Brooks Forsyth – So Much Beyond Us

In his all-new LP So Much Beyond Us, Brooks Forsyth experiments with different influences – ranging from country blues to jazz-inspired eclectic folk – and emerges from the studio with the strongest effort of his career, divided into eleven tracks that establish him as one of the premier singer/songwriters of his scene.

Heaven is but Going Home,” the bristling “Anna Lee,” the blue-hued “Little Coal Mining Town” and folk ballad “Restless at Home, Lonesome on the Road” are devoid of omnipotent guitar solos, raucous riffage and bombastic beats, but make no mistake about it – they will shake you just as hard as any stack of amplifiers you’ll come in contact with in 2019 will.

This has got to be the most multilayered mix that Brooks Forsyth has ever employed, but there’s nothing in excess in So Much Beyond Us aside from the textured tonality of the instruments. The guitars have a voice that is just as emotional an element as Forsyth’s own vocal is, and there’s even a couple of occasions, such as “Girl from Caroline,” “Don’t Come Around No More” and “Seasick James,” where it’s the most expressive entity that we’re exposed to in the music. That said, the lyrics that are embedded in these grooves are some of the most surreal this songwriter has ever devised.

While a lot of artists are going straight-minimalist with their music videos, Brooks Forsyth does the exact opposite with his visual accompaniment to the single “Cast My Dreams to the Wind” and submits a synchronized collection of images that makes us feel all the more connected with his Americana-infused aesthetic. There’s a lot of color, a lot of understated emotion, and a provocative sense of familial comfort underscoring every word to cascade from his lips and dig into our hearts only moments later in this song, and that alone makes its video worth taking a peek at.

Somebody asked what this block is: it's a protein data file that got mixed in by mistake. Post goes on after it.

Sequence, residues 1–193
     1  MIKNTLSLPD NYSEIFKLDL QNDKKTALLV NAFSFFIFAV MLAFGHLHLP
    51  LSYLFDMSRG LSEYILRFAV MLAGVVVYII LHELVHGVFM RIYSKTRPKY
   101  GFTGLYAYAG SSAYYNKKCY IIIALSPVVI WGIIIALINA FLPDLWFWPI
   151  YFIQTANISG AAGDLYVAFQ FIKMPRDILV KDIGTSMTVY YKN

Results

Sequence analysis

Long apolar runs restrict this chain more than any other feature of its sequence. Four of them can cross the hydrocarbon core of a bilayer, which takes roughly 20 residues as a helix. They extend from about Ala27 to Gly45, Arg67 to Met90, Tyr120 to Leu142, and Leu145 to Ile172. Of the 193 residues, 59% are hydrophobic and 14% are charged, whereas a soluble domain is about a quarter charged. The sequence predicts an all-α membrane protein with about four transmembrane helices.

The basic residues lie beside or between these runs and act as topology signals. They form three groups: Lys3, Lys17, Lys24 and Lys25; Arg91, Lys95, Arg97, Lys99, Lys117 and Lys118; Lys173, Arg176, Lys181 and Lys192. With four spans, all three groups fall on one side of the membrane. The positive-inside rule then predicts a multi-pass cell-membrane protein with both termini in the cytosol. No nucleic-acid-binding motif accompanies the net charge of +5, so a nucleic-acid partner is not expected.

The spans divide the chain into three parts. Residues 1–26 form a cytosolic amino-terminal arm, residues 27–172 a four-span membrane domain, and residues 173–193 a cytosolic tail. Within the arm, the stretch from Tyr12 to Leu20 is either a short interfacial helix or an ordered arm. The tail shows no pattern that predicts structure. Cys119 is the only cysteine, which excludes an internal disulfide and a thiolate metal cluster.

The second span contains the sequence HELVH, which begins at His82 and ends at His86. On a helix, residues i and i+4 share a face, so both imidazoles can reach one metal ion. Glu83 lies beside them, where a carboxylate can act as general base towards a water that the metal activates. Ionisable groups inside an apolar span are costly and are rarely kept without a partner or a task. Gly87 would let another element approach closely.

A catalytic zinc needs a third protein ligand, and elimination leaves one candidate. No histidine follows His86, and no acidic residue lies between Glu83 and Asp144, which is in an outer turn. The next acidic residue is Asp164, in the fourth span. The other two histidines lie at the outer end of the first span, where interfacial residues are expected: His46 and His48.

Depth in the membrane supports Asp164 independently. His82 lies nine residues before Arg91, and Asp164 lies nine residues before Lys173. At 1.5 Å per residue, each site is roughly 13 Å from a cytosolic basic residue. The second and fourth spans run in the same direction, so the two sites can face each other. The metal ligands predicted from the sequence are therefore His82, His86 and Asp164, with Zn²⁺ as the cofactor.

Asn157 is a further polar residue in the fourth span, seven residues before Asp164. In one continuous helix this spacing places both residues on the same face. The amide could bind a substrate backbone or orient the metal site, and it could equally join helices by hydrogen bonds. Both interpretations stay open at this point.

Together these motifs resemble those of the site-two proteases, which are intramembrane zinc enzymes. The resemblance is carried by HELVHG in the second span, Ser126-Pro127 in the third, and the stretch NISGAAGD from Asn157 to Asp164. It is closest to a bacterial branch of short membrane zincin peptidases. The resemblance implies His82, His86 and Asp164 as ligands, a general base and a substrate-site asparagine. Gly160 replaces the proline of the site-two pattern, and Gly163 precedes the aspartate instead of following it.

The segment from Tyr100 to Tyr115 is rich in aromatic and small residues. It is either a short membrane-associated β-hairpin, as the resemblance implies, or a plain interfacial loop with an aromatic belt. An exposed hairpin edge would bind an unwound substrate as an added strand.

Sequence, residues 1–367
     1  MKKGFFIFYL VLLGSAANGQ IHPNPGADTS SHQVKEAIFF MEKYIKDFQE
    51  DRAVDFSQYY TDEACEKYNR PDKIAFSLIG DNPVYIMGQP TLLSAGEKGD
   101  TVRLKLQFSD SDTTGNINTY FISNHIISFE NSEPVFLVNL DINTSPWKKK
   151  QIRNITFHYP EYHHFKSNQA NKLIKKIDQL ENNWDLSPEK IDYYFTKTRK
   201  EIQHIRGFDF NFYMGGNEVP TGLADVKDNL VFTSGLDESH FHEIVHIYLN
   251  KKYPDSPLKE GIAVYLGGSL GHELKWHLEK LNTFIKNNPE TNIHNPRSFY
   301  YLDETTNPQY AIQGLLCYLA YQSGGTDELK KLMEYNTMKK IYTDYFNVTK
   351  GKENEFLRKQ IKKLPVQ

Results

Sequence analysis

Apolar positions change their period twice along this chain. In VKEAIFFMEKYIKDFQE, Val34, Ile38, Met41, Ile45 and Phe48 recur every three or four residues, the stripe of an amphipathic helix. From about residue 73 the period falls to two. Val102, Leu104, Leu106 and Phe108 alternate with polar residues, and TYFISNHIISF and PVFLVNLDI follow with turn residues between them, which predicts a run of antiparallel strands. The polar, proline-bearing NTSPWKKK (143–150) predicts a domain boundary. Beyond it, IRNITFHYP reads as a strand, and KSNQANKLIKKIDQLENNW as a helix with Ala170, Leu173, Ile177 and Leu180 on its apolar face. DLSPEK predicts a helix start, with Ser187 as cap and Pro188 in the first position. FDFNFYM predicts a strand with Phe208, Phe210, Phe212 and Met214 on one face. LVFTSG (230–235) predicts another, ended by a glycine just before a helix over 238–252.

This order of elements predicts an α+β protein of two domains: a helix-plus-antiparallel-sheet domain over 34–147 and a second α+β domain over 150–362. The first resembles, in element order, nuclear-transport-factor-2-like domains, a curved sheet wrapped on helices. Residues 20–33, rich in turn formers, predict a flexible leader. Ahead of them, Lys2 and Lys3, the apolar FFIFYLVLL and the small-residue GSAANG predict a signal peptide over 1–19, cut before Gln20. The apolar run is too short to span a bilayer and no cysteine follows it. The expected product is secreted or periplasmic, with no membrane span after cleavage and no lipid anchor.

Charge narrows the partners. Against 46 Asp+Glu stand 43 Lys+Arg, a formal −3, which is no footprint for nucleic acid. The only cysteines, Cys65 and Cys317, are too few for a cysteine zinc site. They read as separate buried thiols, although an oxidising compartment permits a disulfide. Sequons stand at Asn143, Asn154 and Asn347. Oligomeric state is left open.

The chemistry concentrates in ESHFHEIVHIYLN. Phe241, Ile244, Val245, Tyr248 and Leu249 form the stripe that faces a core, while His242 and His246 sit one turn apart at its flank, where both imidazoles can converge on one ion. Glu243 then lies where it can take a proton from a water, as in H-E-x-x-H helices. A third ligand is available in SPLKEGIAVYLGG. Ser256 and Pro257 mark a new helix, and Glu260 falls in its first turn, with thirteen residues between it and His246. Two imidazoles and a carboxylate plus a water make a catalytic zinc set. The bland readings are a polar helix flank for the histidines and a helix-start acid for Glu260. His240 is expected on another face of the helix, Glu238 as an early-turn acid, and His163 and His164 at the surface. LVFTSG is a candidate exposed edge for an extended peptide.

Anna Lee,” the title track and “Ain’t Got the Time” are the slickest songs that Forsyth has put onto a single record, but they’re not so polished that I would consider them to be a step away from his signature sound. There’s a graininess to the finish here that prevents them from sounding like pure pop fodder, but I can absolutely see these tracks finding a suitable home on college radio, which has become more and more embracive of Forsyth’s variety of alternative country music as the decade has carried on. “Little Coal Mining Town” isn’t the only skipping folk song on the airwaves right now, but it just might be the most melodic and unpretentious since Drive-By Truckers’ “World of Hurt.”

Brooks Forsyth is at the top of his game in his latest record and the music video for his new single “Cast My Dreams to the Wind,” and even if neither end up garnering the mainstream attention that they undoubtedly deserve, they’re a step towards lucrative success for Forsyth that I would deem critical to the advancement of his career moving forward.

So Much Beyond Us doesn’t try to change the world, but in an era weighed down by overzealous experimentalists, most of whom believe themselves to be some wicked fusion of Hendrix and Lou Reed, it’s a record that plays out like a sweet breath of uncorrupted fresh air.

If you enjoyed a preview from So Much Beyond Us, check out Brooks official website by clicking here. Give him a like on Facebook by clicking here & a follow on Twitter by clicking here. Pick up a copy of So Much Beyond Us on Bandcamp by clicking here.

Eric Jarvis

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